The Bedlam Stacks by Natasha Pulley
Release date: August 1, 2017
An ARC was provided by Bloomsbury in exchange for an honest review.
Summary: In 1859, ex-East India Company smuggler Merrick Tremayne is trapped at home in Cornwall after sustaining an injury that almost cost him his leg and something is wrong; a statue moves, his grandfather’s pines explode, and his brother accuses him of madness.
When the India Office recruits Merrick for an expedition to fetch quinine—essential for the treatment of malaria—from deep within Peru, he knows it’s a terrible idea. Nearly every able-bodied expeditionary who’s made the attempt has died, and he can barely walk. But Merrick is desperate to escape everything at home, so he sets off, against his better judgment, for a tiny mission colony on the edge of the Amazon where a salt line on the ground separates town from forest. Anyone who crosses is killed by something that watches from the trees, but somewhere beyond the salt are the quinine woods, and the way around is blocked.
Surrounded by local stories of lost time, cursed woods, and living rock, Merrick must separate truth from fairytale and find out what befell the last expeditions; why the villagers are forbidden to go into the forest; and what is happening to Raphael, the young priest who seems to have known Merrick’s grandfather, who visited Peru many decades before. The Bedlam Stacks is the story of a profound friendship that grows in a place that seems just this side of magical.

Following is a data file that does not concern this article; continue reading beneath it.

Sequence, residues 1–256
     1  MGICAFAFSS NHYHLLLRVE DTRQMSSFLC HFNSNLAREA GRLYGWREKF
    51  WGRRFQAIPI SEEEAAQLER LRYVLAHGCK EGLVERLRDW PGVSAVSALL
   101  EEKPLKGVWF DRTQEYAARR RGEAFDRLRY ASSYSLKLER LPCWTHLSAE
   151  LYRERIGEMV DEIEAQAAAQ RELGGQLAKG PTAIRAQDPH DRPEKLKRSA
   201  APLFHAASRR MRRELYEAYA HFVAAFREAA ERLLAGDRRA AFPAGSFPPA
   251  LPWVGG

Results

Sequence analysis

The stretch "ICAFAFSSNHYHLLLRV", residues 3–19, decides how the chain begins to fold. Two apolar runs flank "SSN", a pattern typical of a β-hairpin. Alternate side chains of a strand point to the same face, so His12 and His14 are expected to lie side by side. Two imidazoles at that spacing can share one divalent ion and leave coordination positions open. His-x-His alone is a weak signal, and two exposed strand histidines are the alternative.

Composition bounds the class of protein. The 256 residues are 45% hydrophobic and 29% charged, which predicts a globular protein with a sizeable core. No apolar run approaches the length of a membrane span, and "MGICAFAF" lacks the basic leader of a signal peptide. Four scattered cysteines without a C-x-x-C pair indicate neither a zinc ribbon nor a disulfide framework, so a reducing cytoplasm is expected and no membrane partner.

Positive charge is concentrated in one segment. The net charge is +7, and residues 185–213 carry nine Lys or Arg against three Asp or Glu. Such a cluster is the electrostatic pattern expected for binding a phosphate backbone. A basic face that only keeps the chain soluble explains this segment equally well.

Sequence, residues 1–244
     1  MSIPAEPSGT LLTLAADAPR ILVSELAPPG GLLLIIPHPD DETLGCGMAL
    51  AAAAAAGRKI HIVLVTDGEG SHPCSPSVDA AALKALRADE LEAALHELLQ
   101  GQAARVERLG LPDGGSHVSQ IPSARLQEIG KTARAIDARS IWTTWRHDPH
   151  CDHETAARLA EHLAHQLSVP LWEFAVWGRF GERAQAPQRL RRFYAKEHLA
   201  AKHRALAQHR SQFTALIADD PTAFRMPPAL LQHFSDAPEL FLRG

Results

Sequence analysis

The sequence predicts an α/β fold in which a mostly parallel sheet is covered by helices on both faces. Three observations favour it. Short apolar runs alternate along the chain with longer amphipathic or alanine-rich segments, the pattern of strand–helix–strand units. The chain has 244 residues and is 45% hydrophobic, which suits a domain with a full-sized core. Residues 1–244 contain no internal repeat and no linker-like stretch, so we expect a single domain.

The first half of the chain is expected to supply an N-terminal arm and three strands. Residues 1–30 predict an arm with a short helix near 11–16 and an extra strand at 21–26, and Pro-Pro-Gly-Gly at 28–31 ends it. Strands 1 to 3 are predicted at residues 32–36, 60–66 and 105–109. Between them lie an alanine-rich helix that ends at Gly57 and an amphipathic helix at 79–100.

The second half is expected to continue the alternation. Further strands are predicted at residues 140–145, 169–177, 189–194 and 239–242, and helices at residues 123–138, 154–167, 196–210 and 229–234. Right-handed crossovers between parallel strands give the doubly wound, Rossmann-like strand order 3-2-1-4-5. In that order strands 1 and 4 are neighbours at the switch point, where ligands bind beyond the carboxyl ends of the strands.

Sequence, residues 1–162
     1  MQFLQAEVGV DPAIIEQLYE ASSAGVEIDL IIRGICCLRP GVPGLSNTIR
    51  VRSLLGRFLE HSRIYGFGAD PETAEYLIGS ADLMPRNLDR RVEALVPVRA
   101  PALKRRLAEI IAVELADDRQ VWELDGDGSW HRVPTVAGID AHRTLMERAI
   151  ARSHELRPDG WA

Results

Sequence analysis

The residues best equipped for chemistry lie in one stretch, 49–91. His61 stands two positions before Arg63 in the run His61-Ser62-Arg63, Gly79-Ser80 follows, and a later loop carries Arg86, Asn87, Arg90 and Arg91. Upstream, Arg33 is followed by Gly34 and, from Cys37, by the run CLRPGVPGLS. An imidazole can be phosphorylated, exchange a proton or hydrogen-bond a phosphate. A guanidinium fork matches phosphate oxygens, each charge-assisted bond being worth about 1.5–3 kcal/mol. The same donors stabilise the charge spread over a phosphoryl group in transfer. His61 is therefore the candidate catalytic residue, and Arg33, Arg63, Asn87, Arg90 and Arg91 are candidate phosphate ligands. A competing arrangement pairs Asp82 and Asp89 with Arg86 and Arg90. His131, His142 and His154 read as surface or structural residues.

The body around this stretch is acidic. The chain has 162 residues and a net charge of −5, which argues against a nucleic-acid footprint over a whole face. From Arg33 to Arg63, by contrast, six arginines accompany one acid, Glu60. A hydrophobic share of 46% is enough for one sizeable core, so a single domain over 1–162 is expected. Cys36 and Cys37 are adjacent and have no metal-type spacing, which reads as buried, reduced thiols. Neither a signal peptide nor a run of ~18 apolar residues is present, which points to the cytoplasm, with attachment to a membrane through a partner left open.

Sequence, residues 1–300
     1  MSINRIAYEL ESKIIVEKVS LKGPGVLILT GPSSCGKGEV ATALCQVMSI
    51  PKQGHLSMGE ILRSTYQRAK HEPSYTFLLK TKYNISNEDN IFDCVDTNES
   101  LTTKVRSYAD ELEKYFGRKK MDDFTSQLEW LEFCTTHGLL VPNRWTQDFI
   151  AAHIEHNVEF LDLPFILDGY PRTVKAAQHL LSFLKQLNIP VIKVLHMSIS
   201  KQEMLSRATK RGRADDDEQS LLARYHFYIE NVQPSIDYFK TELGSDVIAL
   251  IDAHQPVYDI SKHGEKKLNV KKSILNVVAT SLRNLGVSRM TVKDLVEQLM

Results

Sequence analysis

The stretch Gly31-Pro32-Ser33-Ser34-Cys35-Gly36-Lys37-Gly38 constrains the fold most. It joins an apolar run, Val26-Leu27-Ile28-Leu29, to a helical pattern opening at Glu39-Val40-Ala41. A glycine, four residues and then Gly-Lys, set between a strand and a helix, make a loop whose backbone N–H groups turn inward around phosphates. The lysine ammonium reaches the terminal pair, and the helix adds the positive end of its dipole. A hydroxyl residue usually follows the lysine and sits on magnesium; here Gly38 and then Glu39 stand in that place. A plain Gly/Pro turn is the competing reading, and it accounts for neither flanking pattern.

The Good, the Bad, and the Ugly: Right off the bat, I found The Bedlam Stacks less confusing than Pulley's previous title, The Watchmaker of Filigree Street. However, tonally, it's not a story I enjoyed. I couldn't click with Merrick's narrative voice, although I loved the flashback scene in China. The dialogue didn't do much for me either; it felt monotone and didn't bring the characters to life for me. I also couldn't click with the writing style.
Also, I really, really wanted more of Minna. She's there for only a short part of the journey because of spoilery reasons, but I wanted her there for more of the story. Inti was a nice female presence, and I liked how The Bedlam Stacks challenged colonialism and assumptions about other people groups. The markayuq were super fascinating and creepy and one of my favorite parts.
Language was relatively clean until the end of the book when Raphael started dropping the f-bomb out of the blue.
The Verdict: Since I'm no longer the primary audience for YA, I'm trying to branch out a teeny bit, but it might be better if I stick to YA... Not a terrible story, but I couldn't connect with it in ways that people who primarily read adult fiction might.
Will I be adding this book to my library?: Probably not.